The Rest of England

Coal Tit; Blue Tit; Great TitAfter Christmas and all, the birding kind of cooled down, other than Cley, of course. I went to Stewartby once or twice, including a trip to a birder’s favourite place – the sewage lagoons. Grey Wagtail (Lifer), Pied Wagtail, and Yellowhammer (also Lifer) were the only birds actually on the excrement but all around were Chaffinches, Goldfinches and Robins.
Hopping around in the scrubby bushes and on the ground was another lifer – Chiffchaff (a Siberian race, spending the winter in a summer paradise – for it at least)!

Furthermore, it was my cousin’s 10th Birthday the next Saturday, and we were going to his Grandparents’ farm. On the way, however, we decided to stop at the “Danish Camp.” There we saw an Eagle-Owl, Mandarin Duck, Eider, Black Swan, and Garganey. Only the Garganey was wild – the others were part of a private collection.

Black-headed Gull

Black-headed Gull

We left that night for Portsmouth, not intending to bird watch too much…
that didn’t happen. At the Portsmouth Historic Dockyard, there were gulls all over. Herring, both Black-backed, Black-headed, and a rarity – Ring-billed Gull! I don’t do well on boats, but on the short tour of the bay, we found Gooseander (Common Merganser), Cormorant, and even a Eurasian Shag! At the restaurant¬†where we ate lunch, there was a Water Pipit, some Gulls, and a Pied Wagtail.

The next day, we went for a short walk, on which we found Ruddy Turnstone, Pied Wagtail (they were everywhere), Coal Tit, Great Spotted Woodpecker and others.

Turnstone

Turnstone

Back in Bedfordshire, I could most often be found watching through the window out at my Grandparents’ acre, where I registered about 30 species. One day, I came across half a dozen Linnets, a Yellowhammer, and 6 Dunnock in addition to the regulars. Another, I saw a Green Woodpecker flying across the lawn. Pheasant were present in the back corner, and I once had a fleeting glimpse of a Eurasian Jay.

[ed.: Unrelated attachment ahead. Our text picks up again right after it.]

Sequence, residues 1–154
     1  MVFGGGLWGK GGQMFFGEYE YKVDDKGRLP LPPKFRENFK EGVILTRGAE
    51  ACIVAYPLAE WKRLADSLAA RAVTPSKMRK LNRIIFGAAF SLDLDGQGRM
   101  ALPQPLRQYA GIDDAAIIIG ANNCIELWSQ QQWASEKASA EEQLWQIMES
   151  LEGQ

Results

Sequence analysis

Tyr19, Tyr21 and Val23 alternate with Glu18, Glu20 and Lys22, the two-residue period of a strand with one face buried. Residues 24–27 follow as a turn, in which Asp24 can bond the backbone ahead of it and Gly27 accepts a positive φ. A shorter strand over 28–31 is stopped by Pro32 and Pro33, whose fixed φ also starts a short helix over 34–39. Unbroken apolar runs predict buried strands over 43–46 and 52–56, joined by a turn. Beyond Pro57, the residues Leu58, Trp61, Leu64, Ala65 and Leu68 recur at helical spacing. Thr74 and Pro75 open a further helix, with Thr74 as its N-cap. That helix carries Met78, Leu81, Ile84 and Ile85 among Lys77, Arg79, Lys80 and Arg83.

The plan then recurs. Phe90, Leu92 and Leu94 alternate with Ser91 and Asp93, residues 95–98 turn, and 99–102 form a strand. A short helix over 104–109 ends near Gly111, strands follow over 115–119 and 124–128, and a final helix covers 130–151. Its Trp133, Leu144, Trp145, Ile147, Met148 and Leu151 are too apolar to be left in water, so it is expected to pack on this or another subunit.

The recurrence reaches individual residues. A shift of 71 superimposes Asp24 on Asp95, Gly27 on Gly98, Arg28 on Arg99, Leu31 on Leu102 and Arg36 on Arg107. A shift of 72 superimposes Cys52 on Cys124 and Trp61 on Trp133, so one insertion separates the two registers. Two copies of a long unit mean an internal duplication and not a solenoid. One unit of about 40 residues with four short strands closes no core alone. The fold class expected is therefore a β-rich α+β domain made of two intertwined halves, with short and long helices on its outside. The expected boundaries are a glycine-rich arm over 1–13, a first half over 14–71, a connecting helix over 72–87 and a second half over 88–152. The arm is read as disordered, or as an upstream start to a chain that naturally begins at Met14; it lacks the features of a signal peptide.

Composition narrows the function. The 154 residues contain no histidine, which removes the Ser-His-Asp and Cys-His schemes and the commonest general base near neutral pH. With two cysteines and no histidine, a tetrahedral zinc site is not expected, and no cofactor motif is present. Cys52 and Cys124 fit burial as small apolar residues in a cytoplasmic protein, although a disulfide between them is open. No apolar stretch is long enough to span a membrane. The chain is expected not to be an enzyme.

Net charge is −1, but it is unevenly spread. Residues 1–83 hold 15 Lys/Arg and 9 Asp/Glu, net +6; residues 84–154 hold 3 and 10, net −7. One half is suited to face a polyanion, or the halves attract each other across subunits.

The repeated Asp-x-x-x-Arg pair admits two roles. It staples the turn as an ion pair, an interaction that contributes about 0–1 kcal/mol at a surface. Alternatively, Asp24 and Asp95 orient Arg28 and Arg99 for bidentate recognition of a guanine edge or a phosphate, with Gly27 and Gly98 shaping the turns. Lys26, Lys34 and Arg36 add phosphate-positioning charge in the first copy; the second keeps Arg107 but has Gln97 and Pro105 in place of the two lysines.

And only a few days before we left, a couple others and I went down to the Sandy RSBP Lodge to see what was there. We got there and found the feeders, but there was only a couple birds there РCoal Tits, Blue Tits, Chaffinches, etc. Further on, we hit on a bird hide watching over some feeders, where we found Nuthatch, Blue Tits, Coal Tits, Great Tits, a Great Spotted Woodpecker, and more. Back near the Lodge, we identified Reed Bunting, and Redwing as well as Goldfinches, Tits, Chaffinches and a solitary Brambling!

Great Spotted Woodpecker

Great Spotted Woodpecker

 

 

 

Brambling & Chaffinch

Brambling & Chaffinch

Overall, it was a good trip, with lots of great birds. The most notable thing was the birdsong, which filled the air where ever you went. The one downside was that I did not see a single owl, but that was okay. I was surprised by the number of shore birds there, although you must consider the fact that England rarely drops below 0 Celsius, even in winter.

And now I’m on the plane back. Vacation goes too quickly, especially with a place like Cley Marshes in it…

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